As we state in a forthcoming paper, the High Road Infrastructure Handbook, we believe that the United States can no longer treat infrastructure like an ongoing crisis, but must approach needed major investments as an opportunity for change in regions, cities and communities.

This holistic approach supports projects expected to deliver multiple benefits in a concept that is a potential national rallying point as jurisdictions confront harsher climate change effects, shifting demographics, and trends toward greener transportation, as well as the increasing popularity of urban lifestyles.

High Road infrastructure is also about recognizing and overcoming the typical mindset associated with infrastructure project design and delivery. Such an approach focuses on getting the best “value” for the least amount of money, where value is defined only as minimizing short term costs. Ironically, that approach often eliminates things like living-wage jobs for local residents, built-in mobility improvements and climate resiliency that will deliver the best long term value for communities.

Do you buy an appliance just because it’s the cheapest? Don’t you take into consideration how well it performs, whether it has multiple uses, where it was manufactured, who benefits, and its long-term costs? Similar criteria need to be considered for spending on infrastructure.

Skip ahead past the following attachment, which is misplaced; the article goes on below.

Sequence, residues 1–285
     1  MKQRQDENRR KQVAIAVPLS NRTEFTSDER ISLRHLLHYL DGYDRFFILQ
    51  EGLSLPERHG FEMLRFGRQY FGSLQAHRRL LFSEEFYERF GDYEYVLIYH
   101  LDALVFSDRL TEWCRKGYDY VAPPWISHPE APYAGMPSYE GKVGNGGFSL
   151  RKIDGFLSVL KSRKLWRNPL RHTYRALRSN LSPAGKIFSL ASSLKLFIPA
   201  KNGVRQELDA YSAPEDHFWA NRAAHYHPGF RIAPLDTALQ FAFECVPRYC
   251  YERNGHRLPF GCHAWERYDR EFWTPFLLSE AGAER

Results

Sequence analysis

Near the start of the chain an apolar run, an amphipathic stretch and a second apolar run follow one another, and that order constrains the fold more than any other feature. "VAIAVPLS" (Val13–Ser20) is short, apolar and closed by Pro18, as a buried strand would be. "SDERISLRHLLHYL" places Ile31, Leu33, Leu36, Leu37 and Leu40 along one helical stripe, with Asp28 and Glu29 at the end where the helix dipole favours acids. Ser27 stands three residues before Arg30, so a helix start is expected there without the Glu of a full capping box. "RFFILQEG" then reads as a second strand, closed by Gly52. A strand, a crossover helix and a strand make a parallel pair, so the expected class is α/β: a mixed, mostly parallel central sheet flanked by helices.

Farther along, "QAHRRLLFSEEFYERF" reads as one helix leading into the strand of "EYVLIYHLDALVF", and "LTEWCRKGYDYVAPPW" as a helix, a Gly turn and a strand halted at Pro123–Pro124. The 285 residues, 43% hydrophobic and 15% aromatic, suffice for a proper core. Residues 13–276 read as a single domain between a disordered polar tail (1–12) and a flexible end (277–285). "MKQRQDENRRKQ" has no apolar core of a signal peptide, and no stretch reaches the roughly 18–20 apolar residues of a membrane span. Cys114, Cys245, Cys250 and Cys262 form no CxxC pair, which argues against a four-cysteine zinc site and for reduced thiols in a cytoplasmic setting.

Failing to take the high road in creating our built environment—the very structures that undergird a thriving society—leaves us languishing in the face of the increasing challenges of our time.

Note: In addition to Doug Sims of NRDC, also on the EcoDistricts Summit panel is Caroline Wagner, Program Director, Enterprise Community Partnersa SPARCC partner along with NRDC, the Federal Reserve Bank of San Francisco and the Low Income Investment Fund, with funding support from the Ford Foundation, The JPB Foundation, The Kresge Foundation, the Robert Wood Johnson Foundation and The California Endowment.

See also: Equitable Investment for People and the Planet

About the Authors

Douglass Sims

Director and Senior Advisor, Green Finance Center, Resilient Communities, Healthy People & Thriving Communities Program
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I anticipated that relief and joy would be my overriding emotions today in announcing the communities in which SPARCC—the Strong, Prosperous and Resilient Communities Challenge—will invest. But I find that what I feel most strongly is an overwhelming sense of urgency.

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We usually don't talk as a nation about infrastructure. It's best when it's invisible. Literally, it is the structure-beneath-the-structure that supports our lives. Your job supports your family, but infrastructure -- power, water, transportation as well as social infrastructure like schools and the court system -- enables your job.

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The bootstraps myth is strong in America.


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Writers, architects, planners and poets may celebrate the nation’s large, wondrous bridges and walkable city centers. But mayors know that much of the success of what we call infrastructure is literally keeping the trains running on time, managing drinking water, combating water pollution, and repairing potholes and sidewalks—the stuff we take for granted until it breaks.